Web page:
As the weather grows warmer and people begin shedding layers, it’s common for body dissatisfaction and anxiety to grow. A recent Glamour magazine psychologist-designed poll (1) states that 97% of women experience “I hate my body” thoughts on a daily basis, with an average of 13 negative thoughts each day. With these statistics, it’s no surprise that, according to a 2008 collaborative survey between Self Magazine and the University of North Carolina at Chapel Hill, 67% of women aged 25 to 45 (excluding those with eating disorders) are attempting to lose weight.(2) How? 37% of women regularly skip meals, 26% cut out entire food groups, and 16% have consumed 1,000 or fewer calories per day in an attempt to lose weight. According to a September 2010 Experian Simmons DataStream, the percentage of women from ages 25 to 54 who are dieting peaks in the early to middle summer.(3)
Drastic attempts at weight loss continue despite research demonstrating that these types of dieting measures are ineffective. A 2007 review (4) analyzing the long-term outcomes of 31 calorie-restricting diet studies concluded that one-third to two-thirds of dieters regain more weight than they lost on their diets. Another study in 2006 (5) focusing on college students found that a history of weight loss through dieting predicted greater weight gain during the freshman year of college. Research on nearly 17,000 kids ages 9-14 years old concluded, "...in the long term, dieting to control weight is not only ineffective, it may actually promote weight gain." (6)
As a Registered Dietitian, my job is support our clients in making positive changes that are sustainable and nourishing. According to the American Dietetic Association’s position on weight management, “successful weight management to improve overall health for adults requires a lifelong commitment to healthful lifestyle behaviors emphasizing sustainable and enjoyable eating practices and daily physical activity”. (7) Following a healthy diet regimen throughout the year will facilitate escape from the chronic dieting cycle and aid in feeling nourished all year long!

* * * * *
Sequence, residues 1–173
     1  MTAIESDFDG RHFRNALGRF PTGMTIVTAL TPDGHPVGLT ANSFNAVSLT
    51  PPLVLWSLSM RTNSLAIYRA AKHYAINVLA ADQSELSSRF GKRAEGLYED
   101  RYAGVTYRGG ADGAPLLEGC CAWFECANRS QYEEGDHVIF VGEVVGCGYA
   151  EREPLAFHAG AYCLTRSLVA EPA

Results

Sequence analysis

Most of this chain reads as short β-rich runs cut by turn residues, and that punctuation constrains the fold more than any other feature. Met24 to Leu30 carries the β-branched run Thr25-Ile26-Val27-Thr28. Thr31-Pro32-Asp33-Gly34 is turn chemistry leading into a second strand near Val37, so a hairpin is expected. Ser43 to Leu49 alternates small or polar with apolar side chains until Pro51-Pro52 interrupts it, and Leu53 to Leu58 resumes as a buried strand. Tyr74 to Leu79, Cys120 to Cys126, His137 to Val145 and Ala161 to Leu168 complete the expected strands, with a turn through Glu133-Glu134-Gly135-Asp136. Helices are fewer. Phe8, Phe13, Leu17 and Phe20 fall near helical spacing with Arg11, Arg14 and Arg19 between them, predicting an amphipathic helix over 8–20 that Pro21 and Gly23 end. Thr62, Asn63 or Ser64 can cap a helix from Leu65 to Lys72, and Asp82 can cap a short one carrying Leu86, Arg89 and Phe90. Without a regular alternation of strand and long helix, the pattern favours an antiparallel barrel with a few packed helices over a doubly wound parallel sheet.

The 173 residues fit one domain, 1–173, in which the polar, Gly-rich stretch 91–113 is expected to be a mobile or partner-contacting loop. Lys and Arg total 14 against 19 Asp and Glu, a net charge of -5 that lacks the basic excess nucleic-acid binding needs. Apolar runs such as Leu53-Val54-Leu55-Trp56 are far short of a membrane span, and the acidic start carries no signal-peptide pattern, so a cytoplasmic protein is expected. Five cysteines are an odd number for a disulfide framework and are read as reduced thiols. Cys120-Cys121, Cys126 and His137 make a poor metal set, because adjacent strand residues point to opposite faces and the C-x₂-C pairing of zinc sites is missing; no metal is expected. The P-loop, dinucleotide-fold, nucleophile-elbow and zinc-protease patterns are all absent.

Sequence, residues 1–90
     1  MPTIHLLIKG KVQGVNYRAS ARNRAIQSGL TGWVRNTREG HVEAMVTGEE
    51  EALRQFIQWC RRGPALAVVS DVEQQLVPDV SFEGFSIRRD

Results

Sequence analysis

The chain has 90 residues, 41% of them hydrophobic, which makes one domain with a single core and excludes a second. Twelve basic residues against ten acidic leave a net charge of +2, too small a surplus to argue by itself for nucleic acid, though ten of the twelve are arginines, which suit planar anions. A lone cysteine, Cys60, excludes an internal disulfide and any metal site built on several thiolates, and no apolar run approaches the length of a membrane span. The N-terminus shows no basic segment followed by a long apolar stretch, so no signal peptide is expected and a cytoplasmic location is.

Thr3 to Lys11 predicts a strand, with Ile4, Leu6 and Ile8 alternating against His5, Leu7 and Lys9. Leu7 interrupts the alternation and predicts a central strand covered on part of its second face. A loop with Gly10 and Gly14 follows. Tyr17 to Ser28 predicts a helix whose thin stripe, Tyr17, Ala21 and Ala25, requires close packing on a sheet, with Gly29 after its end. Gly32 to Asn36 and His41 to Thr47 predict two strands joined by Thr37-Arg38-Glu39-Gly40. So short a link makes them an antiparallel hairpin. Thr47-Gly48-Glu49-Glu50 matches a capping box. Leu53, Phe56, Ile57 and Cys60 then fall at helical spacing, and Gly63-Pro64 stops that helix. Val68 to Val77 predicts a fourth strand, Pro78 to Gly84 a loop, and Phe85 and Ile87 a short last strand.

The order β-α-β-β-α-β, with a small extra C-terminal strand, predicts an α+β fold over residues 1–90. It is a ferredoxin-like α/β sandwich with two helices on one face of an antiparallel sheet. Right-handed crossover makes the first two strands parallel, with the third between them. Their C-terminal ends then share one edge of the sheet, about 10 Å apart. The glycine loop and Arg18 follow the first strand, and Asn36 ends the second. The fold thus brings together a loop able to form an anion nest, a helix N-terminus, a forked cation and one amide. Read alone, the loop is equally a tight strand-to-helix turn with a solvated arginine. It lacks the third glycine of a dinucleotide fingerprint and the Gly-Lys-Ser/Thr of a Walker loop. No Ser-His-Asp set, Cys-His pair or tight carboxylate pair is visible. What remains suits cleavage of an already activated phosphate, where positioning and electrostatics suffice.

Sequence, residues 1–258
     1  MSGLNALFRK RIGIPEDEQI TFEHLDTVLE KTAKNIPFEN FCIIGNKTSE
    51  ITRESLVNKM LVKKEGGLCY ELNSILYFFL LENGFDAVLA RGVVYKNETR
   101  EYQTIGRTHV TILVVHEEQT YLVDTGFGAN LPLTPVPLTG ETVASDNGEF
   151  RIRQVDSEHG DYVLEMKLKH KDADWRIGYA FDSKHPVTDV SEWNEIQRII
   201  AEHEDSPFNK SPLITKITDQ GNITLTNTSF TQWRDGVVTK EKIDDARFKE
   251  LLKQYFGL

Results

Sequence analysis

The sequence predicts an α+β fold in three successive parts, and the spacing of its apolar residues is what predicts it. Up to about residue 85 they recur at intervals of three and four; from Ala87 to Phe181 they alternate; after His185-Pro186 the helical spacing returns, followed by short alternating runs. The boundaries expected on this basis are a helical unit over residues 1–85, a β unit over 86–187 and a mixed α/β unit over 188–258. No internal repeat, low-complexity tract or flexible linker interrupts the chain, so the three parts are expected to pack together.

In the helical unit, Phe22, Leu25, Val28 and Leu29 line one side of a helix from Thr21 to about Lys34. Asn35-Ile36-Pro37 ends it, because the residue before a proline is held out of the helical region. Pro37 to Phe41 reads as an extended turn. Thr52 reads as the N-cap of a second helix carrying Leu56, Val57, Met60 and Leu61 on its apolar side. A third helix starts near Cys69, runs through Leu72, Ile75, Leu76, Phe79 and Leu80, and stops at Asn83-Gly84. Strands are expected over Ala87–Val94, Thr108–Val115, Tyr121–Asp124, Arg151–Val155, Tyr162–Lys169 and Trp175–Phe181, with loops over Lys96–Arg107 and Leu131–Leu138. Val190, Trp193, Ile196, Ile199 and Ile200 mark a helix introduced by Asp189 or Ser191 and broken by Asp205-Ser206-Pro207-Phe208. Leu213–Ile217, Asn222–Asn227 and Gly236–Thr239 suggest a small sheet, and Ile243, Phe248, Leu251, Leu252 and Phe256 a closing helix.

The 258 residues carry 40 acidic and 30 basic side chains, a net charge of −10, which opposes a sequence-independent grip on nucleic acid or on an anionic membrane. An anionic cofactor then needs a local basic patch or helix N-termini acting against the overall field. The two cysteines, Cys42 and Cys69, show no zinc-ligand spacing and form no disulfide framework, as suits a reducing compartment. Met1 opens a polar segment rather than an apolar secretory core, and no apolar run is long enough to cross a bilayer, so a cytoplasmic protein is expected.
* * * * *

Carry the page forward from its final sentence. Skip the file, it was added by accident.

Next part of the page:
4 Mann T, Tomiyama AJ, Westling E, Lew AM, Samuels B, Chatman J. Medicare's search for effective obesity treatments: diets are not the answer. Am Psychol. 2007 Apr;62(3):220-33.
5 Lowe MR, Annunziato RA, Markowitz JT, Didie E, Bellace DL, Riddell L, Maille C, McKinney S, Stice E. Multiple types of dieting prospectively predict weight gain during the freshman year of college. Appetite. 2006 Jul;47(1):83-90.
6 Field AE et al. Relation between dieting and weight change among preadolescents and adolescents. Pediatrics, 2003 112:900-906.
7 Position of the American Dietetic Association: Weight Management. Journal of the American Dietetic Association. Volume 109, Issue 2, Pages 330-346, February 2009.
Note: This article originally appeared in the Summer 2011 issue of the Massachusetts Dietetic Association's Newsletter. This article was co-authored with Jessie Erwin, a dietetic intern from the University of Connecticut.
In the space of 7 days I had 3 clients tell me that they recently discovered that they truly loved getting physically active. Yes, I mean exercise (a dreaded word for some of you, I know, bear with me). And I had to blog about this because all 3 stated that they started loving exercise when two things happened:
1. They were eating enough on a consistent basis. They were no longer overly restricting but getting adequate fuel to be able to sustain a workout.
2. They were NOT doing it with the intention of trying to lose weight. They were exercising because it was fun and felt good.
Now that, my friends, is what makes my job feel totally worthwhile. So many people, particularly women, dread working out. And I’d gamble that those women who hate exercise choose an activity they hate (does 60 minutes on the elliptical sound like hell to anyone else?) and are overly hungry (ie on a diet and trying to lose weight).
Just imagine what would happen if you had enough energy to dance your way through a zumba class, hike through the mountains, go for a stroll with a friend, take a restorative yoga class. If this sounds like something only dreams are made of, consider my tips for finding peace with exercise.
1. Don’t call it exercise if you hate that word.
2. Don’t do it in the name of weight loss. Check out this blog post for more detail as to why this point is so important.
3. Select activities that rejuvenate your body, not exhaust or deplete it.
4. Make sure that the types and amounts of exercise you are doing alleviates mental and physical stress, rather than contributing to or exacerbating stress.